|MadSci Network: Physics|
I want a very small hydrophone. sound in water is longitudinal. This is always depicted as a bunch of dots, the "top" of the wave is where the dots are closest. I assume there really is compression of the water in those spots. this would mean more ions at those points in salinated water. I guess this means better conductivity at those times. If I carefully space two wires with a voltage across them close together and immerse the ends, the wires facing the wavefront, would I see a current varying with the soundwave passing the wire- ends ?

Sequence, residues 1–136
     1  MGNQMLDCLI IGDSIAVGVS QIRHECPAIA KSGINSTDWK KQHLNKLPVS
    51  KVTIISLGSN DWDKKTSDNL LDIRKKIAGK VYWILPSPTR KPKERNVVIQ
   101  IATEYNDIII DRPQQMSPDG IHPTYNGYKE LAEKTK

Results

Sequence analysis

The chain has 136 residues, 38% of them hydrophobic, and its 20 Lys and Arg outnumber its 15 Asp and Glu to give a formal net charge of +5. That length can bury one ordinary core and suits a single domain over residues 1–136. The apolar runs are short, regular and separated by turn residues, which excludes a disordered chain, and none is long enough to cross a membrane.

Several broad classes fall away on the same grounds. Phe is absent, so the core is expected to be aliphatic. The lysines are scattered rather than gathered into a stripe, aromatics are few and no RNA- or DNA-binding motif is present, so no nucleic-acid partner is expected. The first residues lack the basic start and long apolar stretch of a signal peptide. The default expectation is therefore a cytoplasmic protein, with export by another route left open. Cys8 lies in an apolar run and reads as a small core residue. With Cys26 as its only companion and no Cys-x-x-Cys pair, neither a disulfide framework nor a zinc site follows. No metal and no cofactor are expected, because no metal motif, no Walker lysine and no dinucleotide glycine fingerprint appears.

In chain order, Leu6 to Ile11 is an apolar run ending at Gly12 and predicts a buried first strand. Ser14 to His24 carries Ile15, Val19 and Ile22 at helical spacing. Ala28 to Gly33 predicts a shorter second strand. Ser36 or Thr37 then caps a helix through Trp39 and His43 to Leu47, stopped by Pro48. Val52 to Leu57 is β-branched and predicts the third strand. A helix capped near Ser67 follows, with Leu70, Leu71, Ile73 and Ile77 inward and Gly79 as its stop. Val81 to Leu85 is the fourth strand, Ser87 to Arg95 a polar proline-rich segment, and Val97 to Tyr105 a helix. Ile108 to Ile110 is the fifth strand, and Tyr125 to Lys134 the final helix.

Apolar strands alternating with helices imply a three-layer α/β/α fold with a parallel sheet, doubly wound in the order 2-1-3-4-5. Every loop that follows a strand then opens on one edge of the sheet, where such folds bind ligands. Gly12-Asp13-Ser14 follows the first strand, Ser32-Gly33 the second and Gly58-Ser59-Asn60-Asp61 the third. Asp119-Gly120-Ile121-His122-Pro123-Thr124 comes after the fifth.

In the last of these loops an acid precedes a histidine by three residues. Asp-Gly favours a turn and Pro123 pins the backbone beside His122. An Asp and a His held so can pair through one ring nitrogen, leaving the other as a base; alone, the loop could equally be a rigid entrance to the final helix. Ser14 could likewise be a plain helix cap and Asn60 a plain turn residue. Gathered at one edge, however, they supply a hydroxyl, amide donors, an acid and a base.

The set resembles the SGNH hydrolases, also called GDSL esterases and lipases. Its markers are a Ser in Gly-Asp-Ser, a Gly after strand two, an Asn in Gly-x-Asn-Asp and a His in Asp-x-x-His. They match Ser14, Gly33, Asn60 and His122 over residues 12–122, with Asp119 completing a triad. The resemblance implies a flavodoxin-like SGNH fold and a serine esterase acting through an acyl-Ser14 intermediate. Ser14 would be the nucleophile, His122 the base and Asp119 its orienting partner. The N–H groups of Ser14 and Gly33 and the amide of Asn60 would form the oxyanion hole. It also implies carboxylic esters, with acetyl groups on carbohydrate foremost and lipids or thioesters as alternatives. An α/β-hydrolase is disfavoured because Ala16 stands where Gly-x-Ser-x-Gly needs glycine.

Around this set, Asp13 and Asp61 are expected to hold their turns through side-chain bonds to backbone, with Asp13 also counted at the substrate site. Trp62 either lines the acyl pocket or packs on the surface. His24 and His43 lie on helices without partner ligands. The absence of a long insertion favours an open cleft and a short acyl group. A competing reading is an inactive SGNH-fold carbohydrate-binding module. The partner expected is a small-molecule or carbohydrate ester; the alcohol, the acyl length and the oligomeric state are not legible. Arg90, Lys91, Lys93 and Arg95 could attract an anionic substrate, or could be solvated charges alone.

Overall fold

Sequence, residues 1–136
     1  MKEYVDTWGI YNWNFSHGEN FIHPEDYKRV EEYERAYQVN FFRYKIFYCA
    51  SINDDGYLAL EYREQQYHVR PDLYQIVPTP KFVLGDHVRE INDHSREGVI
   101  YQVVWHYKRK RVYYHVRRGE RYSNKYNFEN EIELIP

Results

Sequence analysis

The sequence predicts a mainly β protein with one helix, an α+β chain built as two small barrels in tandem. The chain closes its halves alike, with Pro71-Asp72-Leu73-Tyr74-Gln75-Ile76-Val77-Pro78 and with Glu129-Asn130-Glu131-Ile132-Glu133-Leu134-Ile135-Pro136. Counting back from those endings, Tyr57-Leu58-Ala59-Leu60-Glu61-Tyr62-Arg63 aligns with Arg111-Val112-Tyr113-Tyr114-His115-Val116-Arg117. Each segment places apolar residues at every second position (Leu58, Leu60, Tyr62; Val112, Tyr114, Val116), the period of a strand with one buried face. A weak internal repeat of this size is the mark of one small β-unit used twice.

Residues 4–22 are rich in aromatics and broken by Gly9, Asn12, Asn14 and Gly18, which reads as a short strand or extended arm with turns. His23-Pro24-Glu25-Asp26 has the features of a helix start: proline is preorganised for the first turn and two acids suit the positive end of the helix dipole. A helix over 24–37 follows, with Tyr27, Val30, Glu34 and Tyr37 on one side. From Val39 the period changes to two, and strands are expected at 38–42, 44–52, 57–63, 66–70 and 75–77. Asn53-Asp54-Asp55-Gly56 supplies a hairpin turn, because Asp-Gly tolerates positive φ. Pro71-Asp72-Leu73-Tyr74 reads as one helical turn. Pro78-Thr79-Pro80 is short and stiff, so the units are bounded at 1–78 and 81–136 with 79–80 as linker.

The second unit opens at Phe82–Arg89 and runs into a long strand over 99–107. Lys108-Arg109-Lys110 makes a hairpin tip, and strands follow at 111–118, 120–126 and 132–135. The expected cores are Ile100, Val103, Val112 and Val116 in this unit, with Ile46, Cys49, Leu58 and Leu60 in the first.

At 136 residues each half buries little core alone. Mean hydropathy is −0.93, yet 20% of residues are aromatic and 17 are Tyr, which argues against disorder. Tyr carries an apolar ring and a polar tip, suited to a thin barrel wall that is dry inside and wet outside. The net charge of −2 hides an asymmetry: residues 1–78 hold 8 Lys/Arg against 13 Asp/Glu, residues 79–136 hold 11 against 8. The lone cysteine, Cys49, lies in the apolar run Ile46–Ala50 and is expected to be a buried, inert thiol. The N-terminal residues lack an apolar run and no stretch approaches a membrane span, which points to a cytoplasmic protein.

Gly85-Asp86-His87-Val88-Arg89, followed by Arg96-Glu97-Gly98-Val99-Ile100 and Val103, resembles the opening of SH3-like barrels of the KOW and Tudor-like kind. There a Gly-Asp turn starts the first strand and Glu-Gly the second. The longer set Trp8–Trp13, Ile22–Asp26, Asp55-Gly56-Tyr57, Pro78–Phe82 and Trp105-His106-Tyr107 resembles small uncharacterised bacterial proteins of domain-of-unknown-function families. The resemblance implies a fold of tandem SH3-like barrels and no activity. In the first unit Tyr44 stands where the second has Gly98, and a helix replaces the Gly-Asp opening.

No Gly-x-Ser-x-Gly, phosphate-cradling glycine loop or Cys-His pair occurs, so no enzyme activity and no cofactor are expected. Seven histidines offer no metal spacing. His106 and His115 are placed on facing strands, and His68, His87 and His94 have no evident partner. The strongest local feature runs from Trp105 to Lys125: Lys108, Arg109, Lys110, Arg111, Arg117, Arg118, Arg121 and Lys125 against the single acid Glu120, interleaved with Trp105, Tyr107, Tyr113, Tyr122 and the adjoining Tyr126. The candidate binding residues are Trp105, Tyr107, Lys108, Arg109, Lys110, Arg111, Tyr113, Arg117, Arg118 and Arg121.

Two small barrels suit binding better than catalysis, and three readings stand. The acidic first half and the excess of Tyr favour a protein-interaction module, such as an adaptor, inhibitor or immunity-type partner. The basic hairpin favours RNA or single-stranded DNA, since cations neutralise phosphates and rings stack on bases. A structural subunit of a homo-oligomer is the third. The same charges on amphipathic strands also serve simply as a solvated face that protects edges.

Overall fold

Re: can you sense a sound wave in (salinated) water by electrical resistance
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